So How Do You Create a Training Program for House Cleaning Employees? Check out these simple tips to streamline your cleaning business. Empower employees with easy-to-apply rules and set boundaries from the beginning.
by Angela Brown // @SavvyCleaner
First Steps to Create A Training Program for House Cleaning Employees
Put it all in writing.
If you run a business, you will have a website. Dedicate part of your website to employee training.
Show your employees how to locate important files and other sources of information relating to the job.
Spell out the expectations of the job. State in writing what the working hours of the job will be.
Go through the training yourself and see how long it takes to complete. Do you understand what you’ve written? Will it make sense to a third party?
Determine how you will handle travel time and expense to and from jobs.
Figure out how you will pay your employees – hourly or by the job. And does your company offer benefits? If so when do they become effective?
Specify if you will be providing a company car. Or if the new cleaning employee is using their own personal vehicle.
Questions To Answer In Your Training Program for House Cleaning Employees
Who will be providing the cleaning supplies?
How will you handle your employee picking up supplies? Will they come to your location? Or will they buy them from a store with your company credit card? What happens if they run out of supplies while they are on a job?
How will you handle equipment maintenance? If a vacuum breaks, how will your company fix it? Do you have spare parts or a replacement that can be used while the broken one is in the shop?
Create a written training manual (either on paper or online) that includes specific instructions.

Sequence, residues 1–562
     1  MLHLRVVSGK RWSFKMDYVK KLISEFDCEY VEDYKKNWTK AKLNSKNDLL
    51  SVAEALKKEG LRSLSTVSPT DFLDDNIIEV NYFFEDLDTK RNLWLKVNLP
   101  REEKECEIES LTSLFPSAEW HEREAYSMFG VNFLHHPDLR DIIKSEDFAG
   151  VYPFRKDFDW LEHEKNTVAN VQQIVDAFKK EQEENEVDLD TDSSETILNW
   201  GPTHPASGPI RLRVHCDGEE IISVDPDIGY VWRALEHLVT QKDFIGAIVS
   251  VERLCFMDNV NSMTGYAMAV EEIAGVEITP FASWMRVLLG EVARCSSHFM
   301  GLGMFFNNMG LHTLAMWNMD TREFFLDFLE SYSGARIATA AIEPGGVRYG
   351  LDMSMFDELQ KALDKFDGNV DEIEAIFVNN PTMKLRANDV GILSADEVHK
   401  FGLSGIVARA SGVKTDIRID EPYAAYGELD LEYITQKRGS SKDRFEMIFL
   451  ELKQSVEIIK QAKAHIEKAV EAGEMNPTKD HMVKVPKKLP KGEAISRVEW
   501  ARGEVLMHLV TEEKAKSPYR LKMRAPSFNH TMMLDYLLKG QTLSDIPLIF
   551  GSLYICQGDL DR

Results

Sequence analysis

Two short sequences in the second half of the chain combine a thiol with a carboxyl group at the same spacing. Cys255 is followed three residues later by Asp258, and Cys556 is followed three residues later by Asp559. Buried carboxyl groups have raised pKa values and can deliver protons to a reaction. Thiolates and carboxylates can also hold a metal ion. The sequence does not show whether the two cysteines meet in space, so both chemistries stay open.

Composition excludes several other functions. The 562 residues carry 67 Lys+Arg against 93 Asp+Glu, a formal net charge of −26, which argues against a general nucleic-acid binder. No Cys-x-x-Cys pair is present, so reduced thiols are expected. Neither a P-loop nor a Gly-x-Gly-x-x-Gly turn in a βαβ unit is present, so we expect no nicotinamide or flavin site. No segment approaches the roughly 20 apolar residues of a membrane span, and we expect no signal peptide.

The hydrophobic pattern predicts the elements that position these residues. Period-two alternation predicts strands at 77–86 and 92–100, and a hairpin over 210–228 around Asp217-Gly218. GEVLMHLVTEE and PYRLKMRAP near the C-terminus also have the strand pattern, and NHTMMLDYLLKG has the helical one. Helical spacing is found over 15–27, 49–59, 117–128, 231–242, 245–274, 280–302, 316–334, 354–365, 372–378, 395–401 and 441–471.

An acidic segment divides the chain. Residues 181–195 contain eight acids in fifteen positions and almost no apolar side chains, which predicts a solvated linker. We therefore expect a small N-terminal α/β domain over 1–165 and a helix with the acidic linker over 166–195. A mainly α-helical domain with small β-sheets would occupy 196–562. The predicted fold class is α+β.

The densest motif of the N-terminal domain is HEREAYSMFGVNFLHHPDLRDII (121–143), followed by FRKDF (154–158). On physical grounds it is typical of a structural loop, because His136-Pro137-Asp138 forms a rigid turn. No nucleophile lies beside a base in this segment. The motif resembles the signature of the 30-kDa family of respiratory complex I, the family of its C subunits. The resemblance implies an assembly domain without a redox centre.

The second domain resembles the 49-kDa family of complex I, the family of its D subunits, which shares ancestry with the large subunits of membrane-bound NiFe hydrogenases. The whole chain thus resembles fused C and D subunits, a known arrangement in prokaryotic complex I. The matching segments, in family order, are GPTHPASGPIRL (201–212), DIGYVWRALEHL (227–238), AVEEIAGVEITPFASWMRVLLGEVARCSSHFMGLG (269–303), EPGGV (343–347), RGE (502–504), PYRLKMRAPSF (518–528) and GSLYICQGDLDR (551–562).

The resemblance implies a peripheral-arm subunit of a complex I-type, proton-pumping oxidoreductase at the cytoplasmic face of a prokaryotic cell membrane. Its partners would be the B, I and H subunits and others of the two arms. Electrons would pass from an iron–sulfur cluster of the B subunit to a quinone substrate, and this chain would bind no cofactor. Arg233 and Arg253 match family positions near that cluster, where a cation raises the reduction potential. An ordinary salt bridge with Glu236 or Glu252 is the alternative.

Include best practices to common challenges. Specify when the new hire should call you for support rather than making a decision on behalf of the company.
Let them know to what extent you empower them to solve company related problems.
Include emergency information for all the possible scenarios that could malfunction during a job.
Training Program for House Cleaning Employees Must Include OSHA & GHS
Make sure your cleaning company is OSHA compliant. You can get your 30-hour card and train your employees. Compliance with the OSHA and GHS laws will save you in hefty fines or civil suits.
Make sure your training includes people skills. Your employees will be working with and around other people. People skills are paramount to your customer service. Hire first for attitude and teach for skill.
Create a safe learning environment. Promote learning with deadlines and incentives rather than threats.
Make it Easy for Your Cleaning Employees To Access Online Content
If your training is online and your new employee doesn’t have a computer. Make one available at your office or help them through incentives to earn one.
Include quizzes to ensure your employees understand the rules.
Make allowances. If a new employee is working while training, give them enough time to complete the training.
Give a ramp up period for employees to get up to speed. A new hire doesn’t know how to budget time and energy to complete jobs on time. Cleaning house is a physically demanding job and it takes a few weeks to figure out how to adjust to the new schedule.
Create a system that is easy to follow and promotes repetition. Repetitive tasks are easy to duplicate. And they will help your employees work in an efficient manner.
Resist the urge to micro-manage during the training phase. As employees figure out how to do a job, they will become more productive.
Let them know up front that there will be follow-up training and monitor every 30 days for the first six months. This lets them know you will be watching and they are less likely to take it personally when you check in with them.
Break it up. Every 30 days release a new segment of your training. Achievement breeds confidence. Once an employee has mastered part of your training they will be ready for more. Everything at once is overwhelming.
Give praise where praise is due. Employees who feel appreciated and respected will go the extra mile. But remember that false praise only gets you more of the same behavior. So don’t praise shoddy work. Look for what the employee is doing right and highlight that. It will empower them to up their game.
Training for House Cleaning Employees Must Be Monitored